Letters

Letters 07-06-2015

Safety on the “Bridge to Nowhere” Grant Parsons wrote an articulate column in opposition to the proposed Traverse City pier at the mouth of the Boardman River. He cites issues such as limited access, lack of parking, increased congestion, environmental degradation, and pork barrel spending of tax dollars. I would add another to this list: public safety...

Vote Carefully A recent poll showed 84% of Michiganders support increasing Michigan’s renewable energy standard to at least 20% from the current 10%. Yet Representative Ray Franz has sponsored legislation to eliminate the standard. This out of touch position is reminiscent of Franz’s opposition to the Pure Michigan campaign and support for increased taxes on retirees....

Credit Where Credit Is Due I think you should do another article about the Michigan Natural Resources Trust Fund giving proper credit to all involved, not just Tom Washington. Many others were just as involved...

I’ve Changed My Mind The Supreme Court has determined that states cannot keep same-sex couples from marrying and must recognize their unions. This has happened with breathtaking suddenness. It took 246 years for Americans to decide that slavery was wrong and abolish it, but it’s been only a couple of decades since any successful attempt was made to legalize same-sex marriage, and four years since a majority of the American public supported legalization...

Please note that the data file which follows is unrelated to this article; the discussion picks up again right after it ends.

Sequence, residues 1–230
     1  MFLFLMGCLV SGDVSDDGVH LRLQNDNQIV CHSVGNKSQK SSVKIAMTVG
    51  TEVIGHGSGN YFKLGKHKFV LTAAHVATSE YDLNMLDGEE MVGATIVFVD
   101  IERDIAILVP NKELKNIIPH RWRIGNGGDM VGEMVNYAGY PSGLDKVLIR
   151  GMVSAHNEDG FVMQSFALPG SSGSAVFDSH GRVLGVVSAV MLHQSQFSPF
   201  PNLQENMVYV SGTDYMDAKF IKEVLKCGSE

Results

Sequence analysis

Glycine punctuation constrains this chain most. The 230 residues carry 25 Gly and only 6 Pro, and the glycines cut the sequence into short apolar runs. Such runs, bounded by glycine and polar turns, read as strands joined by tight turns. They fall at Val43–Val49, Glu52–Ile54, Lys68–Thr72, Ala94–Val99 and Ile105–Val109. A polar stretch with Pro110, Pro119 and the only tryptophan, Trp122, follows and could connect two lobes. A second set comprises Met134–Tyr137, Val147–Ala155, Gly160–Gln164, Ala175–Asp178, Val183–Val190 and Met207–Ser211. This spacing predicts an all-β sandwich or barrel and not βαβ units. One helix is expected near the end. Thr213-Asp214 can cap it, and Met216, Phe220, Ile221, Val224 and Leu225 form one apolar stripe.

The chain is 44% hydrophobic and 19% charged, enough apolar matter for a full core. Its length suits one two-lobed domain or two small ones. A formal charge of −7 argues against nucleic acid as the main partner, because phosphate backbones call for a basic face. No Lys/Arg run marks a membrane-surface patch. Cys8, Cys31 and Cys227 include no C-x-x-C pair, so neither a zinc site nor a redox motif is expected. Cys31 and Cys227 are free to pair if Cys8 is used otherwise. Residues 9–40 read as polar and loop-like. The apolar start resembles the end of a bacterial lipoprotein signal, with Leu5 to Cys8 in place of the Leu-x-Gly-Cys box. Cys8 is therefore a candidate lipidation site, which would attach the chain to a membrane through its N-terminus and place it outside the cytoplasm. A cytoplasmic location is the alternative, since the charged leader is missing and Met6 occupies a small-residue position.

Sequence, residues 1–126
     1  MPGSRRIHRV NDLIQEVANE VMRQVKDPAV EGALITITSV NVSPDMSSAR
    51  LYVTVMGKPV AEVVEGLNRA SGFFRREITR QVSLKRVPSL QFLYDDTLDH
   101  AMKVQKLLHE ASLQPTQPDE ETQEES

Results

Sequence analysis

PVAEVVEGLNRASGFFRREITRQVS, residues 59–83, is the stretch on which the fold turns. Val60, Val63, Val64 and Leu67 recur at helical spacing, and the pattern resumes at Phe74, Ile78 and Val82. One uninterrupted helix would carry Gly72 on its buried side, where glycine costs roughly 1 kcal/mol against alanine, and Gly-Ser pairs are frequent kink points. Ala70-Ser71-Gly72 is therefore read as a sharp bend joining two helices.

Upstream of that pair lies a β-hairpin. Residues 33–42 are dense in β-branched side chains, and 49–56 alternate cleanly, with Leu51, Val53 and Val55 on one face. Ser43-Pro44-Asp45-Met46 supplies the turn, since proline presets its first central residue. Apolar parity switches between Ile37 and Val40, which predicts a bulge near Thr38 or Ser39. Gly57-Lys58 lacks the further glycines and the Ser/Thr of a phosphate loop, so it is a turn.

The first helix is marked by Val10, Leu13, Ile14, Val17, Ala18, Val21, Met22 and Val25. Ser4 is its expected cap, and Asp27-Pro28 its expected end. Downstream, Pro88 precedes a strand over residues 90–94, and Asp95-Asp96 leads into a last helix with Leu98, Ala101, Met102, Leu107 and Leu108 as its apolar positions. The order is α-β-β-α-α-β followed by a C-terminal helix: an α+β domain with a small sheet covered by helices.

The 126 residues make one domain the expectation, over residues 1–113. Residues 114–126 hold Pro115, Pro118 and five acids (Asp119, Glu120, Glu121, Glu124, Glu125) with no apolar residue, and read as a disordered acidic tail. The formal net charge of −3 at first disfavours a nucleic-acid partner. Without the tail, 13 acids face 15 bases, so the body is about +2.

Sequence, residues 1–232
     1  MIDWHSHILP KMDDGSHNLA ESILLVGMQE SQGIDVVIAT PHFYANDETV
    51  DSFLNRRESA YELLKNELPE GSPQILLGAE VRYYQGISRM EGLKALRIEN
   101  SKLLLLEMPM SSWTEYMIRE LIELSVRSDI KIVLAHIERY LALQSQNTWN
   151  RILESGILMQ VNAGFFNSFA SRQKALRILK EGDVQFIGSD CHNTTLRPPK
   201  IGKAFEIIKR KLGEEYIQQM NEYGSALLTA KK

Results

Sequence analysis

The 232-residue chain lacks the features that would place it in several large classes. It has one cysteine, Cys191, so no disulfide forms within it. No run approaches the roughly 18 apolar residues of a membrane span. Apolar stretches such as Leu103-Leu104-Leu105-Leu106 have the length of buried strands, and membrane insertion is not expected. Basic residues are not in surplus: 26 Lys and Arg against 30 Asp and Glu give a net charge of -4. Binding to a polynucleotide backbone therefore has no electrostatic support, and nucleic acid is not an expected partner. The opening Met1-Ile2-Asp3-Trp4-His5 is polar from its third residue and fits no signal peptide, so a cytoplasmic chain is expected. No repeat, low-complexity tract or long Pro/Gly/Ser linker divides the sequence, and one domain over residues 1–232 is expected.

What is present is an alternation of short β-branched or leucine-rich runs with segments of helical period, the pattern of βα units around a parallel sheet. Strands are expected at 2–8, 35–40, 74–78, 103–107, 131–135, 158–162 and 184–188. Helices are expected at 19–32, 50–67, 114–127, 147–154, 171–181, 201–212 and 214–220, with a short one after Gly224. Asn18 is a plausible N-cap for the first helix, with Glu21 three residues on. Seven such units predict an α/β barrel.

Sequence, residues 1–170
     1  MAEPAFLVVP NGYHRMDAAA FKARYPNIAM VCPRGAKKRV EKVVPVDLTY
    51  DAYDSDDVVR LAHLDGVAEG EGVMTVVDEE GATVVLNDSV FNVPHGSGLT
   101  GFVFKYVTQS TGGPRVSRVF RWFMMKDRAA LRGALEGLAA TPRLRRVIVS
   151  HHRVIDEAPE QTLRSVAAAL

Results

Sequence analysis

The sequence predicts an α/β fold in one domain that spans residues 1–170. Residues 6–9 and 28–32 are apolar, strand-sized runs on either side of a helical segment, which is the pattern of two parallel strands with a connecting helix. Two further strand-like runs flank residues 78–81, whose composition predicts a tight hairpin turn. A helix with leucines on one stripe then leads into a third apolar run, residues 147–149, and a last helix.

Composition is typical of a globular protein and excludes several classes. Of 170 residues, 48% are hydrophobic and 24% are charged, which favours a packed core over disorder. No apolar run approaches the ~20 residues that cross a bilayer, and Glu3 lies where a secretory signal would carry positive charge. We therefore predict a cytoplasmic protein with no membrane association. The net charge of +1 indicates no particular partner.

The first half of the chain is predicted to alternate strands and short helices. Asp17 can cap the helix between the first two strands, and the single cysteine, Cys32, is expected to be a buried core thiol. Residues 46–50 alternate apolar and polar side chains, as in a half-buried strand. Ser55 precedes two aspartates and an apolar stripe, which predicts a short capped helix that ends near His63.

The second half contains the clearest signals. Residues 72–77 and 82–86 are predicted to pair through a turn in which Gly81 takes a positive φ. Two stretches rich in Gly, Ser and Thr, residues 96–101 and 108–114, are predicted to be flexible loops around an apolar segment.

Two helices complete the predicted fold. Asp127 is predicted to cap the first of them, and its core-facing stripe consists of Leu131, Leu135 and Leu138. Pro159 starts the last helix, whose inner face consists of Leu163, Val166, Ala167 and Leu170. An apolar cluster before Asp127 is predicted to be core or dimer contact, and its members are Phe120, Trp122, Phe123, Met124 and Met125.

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John F. Rohe

 
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Thursday, June 23, 2005

The Jobs Americans Won‘t Do

Other Opinions John F. Rohe Mexican President Vicente Fox has been scolded for declaring that Mexicans do jobs that “even blacks won’t do.” Curiously, nary a whimper is heard when President Bush insults all citizens by referring to “Jobs Americans Won’t Do.”
Before the Civil War, John C. Calhoun’s views on the equality of human beings were nurtured with a mint julep on the veranda of a southern plantation. This leading North Carolina senator, and presidential hopeful, had a splendid panoramic view of the jobs that Americans wouldn’t do. In spirited debates, Senator Calhoun became a voice for the South in perpetuating the institution
of slavery.
 
 
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